VCL Syntax

VCL has inherited a lot from C and it reads much like simple C or Perl.

Blocks are delimited by curly braces, statements end with semicolons, and comments may be written as in C, C++ or Perl according to your own preferences.

Note that VCL doesn't contain any loops or jump statements.

This section provides an outline of the more important parts of the syntax. For a full documentation of VCL syntax please see VCL in the reference.

Strings

Basic strings are enclosed in " ... ", and may not contain newlines.

Backslash is not special, so for instance in regsub() you do not need to do the "count-the-backslashes" polka:

regsub("barf", "(b)(a)(r)(f)", "\4\3\2p") -> "frap"

Long strings are enclosed in {" ... "}. They may contain any character including ", newline and other control characters except for the NUL (0x00) character. If you really want NUL characters in a string there is a VMOD that makes it possible to create such strings.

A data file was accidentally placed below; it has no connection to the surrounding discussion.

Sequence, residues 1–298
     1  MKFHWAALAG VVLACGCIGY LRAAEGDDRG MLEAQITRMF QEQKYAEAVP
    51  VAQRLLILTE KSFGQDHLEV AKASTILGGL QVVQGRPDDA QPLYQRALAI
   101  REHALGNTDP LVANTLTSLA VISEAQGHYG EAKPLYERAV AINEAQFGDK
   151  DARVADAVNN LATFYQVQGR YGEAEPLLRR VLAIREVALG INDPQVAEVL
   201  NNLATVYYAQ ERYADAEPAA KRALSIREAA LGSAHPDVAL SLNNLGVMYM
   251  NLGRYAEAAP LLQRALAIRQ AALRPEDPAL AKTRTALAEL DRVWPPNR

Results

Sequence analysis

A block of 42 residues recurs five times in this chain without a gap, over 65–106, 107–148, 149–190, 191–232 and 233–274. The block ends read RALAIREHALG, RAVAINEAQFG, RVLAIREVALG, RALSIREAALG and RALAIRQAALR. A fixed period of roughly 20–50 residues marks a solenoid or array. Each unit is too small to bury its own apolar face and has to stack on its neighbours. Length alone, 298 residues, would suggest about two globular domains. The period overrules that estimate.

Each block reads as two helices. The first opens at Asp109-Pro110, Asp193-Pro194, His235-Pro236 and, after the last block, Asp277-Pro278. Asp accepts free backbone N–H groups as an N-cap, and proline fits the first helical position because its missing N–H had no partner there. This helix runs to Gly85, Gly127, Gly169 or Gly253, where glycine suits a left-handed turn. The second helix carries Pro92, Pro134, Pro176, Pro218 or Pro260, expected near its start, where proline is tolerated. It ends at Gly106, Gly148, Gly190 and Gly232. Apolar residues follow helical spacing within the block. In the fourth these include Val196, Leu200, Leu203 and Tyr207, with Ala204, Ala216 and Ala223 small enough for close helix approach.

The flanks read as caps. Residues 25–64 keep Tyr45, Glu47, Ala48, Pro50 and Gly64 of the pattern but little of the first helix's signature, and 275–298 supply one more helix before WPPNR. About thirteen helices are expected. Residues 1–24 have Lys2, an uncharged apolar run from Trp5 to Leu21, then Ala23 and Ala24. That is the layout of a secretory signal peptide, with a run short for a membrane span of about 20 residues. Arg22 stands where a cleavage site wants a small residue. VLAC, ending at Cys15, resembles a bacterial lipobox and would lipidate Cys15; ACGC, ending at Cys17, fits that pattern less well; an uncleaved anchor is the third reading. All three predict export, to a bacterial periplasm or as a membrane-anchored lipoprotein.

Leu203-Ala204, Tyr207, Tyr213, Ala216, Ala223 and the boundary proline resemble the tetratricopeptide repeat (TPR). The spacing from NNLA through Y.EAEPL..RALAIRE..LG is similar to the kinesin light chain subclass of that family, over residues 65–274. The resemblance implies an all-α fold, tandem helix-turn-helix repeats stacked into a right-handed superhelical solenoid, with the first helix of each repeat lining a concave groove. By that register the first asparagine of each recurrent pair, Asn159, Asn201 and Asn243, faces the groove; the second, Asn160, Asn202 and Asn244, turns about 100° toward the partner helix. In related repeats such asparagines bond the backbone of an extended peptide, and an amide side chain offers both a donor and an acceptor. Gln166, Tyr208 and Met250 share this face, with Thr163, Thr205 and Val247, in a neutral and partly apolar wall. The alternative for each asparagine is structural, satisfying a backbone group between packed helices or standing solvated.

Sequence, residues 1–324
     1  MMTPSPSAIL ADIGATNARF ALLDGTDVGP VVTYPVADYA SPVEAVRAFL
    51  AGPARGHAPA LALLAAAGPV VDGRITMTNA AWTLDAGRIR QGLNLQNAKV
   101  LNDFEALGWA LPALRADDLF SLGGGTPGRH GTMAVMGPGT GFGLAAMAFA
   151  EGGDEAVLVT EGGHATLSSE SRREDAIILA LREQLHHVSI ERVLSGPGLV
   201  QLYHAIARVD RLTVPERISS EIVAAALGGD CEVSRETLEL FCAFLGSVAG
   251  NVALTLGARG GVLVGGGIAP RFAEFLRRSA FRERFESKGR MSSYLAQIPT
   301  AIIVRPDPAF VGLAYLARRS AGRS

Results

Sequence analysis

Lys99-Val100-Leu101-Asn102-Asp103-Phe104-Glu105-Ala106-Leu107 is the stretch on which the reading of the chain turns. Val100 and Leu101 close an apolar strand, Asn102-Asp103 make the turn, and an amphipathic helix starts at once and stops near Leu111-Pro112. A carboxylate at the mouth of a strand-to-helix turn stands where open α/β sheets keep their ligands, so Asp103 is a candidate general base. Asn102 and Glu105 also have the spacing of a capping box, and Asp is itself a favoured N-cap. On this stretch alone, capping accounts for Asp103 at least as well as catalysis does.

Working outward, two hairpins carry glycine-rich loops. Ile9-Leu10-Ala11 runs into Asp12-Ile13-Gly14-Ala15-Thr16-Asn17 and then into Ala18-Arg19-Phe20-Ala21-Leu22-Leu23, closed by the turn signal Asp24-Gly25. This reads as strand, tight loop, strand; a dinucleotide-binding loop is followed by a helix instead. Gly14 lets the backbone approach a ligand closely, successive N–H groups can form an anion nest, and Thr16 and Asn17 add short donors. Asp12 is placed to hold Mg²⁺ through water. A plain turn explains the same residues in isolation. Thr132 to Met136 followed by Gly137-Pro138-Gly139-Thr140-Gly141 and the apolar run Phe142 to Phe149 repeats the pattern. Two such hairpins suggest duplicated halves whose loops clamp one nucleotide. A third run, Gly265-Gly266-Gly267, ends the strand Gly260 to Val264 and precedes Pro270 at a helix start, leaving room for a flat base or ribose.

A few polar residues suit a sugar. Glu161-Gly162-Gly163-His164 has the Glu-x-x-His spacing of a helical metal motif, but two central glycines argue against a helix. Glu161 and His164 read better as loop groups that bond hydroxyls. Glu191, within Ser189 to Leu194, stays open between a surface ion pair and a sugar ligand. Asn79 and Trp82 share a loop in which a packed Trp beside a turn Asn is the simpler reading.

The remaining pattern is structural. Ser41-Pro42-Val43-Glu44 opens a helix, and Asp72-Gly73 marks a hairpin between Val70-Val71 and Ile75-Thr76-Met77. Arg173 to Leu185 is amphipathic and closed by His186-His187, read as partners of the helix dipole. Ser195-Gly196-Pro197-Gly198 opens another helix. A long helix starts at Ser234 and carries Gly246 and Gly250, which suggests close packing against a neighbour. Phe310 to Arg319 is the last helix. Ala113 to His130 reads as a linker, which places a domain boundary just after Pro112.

Access control lists (ACLs)

An ACL declaration creates and initializes a named access control list which can later be used to match client addresses:

acl local {
  "localhost";         // myself
  "192.0.2.0"/24;      // and everyone on the local network
  ! "192.0.2.23";      // except for the dialin router
}

If an ACL entry specifies a host name which Varnish is unable to resolve, it will match any address it is compared to. Consequently, if it is preceded by a negation mark, it will reject any address it is compared to, which may not be what you intended. If the entry is enclosed in parentheses, however, it will simply be ignored.

To match an IP address against an ACL, simply use the match operator:

if (client.ip ~ local) {
  return (pipe);
}

Operators

The following operators are available in VCL. See the examples further down for, uhm, examples.

=
Assignment operator.
==
Comparison.
~
Match. Can either be used with regular expressions or ACLs.
!
Negation.
&&
Logical and
||
Logical or

Subroutines

A subroutine is used to group code for legibility or reusability:

sub pipe_if_local {
  if (client.ip ~ local) {
    return (pipe);
  }
}

Subroutines in VCL do not take arguments, nor do they return values.

To call a subroutine, use the call keyword followed by the subroutine's name:

call pipe_if_local;

Varnish has quite a few built in subroutines that are called for each transaction as it flows through Varnish. These builtin subroutines are all named vcl_*. Your own subroutines cannot start their name with vcl_.